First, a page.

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Hawaiʻi Airport Workers Given Extra Time for Vaccine Mandate

A TSA agent checks a bag at a security checkpoint area at Midway International Airport last month. The new federal government guidelines on racial and religious profiling won't apply to the TSA.
Nam Y. Huh
A TSA agent checks a bag at a security checkpoint area at Midway International Airport.

Airline workers and Transportation Security Administration staff have been granted a grace period to comply with a Hawaiʻi order that requires people going to state facilities like airports to show proof of vaccination or a negative COVID-19 test.

The grace period is for thousands of airport and airline employees, the Honolulu Star-Advertiser reported Monday.

Gov. David Ige's office said in a statement that the airlines and TSA have been granted a grace period until Oct. 15. The order went into effect on Sept. 13.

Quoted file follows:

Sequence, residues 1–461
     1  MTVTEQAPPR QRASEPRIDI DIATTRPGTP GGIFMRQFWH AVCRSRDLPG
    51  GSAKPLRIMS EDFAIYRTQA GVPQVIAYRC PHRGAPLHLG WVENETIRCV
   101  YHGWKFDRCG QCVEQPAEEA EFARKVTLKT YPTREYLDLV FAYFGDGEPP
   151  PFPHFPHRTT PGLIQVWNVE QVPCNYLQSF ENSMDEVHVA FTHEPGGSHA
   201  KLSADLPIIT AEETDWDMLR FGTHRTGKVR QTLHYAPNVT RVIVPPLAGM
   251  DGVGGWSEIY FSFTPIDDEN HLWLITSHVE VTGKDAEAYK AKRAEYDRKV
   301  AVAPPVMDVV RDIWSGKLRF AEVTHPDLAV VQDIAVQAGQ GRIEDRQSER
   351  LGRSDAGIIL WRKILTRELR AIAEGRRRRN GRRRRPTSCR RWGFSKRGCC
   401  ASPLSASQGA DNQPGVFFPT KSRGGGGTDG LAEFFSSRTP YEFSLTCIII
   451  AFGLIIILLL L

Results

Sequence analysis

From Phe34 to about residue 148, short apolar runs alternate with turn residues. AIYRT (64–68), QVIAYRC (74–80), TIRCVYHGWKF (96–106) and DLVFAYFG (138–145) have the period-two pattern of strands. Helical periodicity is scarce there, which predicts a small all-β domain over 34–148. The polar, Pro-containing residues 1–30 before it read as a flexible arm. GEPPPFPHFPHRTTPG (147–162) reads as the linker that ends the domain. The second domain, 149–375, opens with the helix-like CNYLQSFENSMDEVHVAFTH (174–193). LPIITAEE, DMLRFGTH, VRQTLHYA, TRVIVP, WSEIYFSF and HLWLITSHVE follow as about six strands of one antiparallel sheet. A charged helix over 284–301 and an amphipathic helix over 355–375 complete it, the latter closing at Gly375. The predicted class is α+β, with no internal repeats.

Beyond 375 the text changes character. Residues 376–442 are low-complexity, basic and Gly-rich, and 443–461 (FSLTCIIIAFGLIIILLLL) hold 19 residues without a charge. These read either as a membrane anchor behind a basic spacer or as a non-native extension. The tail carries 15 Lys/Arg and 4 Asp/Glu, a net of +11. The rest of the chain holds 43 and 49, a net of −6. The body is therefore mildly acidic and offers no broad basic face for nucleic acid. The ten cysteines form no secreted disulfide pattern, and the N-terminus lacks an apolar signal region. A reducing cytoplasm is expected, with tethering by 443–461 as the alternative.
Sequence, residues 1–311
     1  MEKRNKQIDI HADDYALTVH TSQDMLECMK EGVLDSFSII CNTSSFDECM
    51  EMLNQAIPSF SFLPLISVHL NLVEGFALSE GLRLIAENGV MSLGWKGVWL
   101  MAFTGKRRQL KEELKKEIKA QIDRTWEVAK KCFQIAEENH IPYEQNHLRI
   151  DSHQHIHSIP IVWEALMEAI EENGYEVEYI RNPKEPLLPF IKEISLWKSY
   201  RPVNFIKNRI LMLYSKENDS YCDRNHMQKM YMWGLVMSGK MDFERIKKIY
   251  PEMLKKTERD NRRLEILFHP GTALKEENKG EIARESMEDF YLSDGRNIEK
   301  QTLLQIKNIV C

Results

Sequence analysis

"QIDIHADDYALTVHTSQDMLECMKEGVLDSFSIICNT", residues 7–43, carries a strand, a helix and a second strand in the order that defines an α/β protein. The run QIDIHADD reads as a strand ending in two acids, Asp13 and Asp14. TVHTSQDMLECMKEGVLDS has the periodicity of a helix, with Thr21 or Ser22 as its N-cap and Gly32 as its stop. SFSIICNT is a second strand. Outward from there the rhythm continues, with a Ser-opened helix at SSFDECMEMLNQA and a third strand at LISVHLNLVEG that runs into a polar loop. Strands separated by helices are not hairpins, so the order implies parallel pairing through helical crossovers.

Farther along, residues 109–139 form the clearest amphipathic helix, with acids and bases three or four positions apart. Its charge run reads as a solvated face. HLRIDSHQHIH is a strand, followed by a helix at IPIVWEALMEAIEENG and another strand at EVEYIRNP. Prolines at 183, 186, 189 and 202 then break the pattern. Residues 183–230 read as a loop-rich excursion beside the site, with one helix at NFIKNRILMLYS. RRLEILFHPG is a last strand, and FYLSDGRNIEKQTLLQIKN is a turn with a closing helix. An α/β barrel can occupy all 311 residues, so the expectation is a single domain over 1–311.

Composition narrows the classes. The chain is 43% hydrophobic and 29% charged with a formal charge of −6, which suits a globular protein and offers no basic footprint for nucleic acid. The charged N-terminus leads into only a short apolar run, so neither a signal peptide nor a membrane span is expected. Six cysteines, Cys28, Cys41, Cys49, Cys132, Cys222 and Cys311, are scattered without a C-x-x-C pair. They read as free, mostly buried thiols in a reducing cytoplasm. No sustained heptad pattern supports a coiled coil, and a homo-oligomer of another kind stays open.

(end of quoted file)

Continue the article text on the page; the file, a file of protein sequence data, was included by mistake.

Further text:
“This aligns with the implementation date for similar federal requirements,” the statement said.

Angela Keen, co-founder of a quarantine watchdog group, said the move "doesn’t send the right safety message to the public and to visitors.”

“I’m sure there are other companies in Hawaiʻi that are challenged because they have a lot of employees,” Keen said. “Why does the tourism industry get a pass?"

Hawaiian Airlines spokesman Alex Da Silva said the airline is consulting with state officials.

“(W)e appreciate that the state has provided us with a grace period to allow us to fully understand and comply with the new safety protocols,” he said.

He said the airline has implemented a vaccination requirement for all U.S.-based employees that will take place in November.

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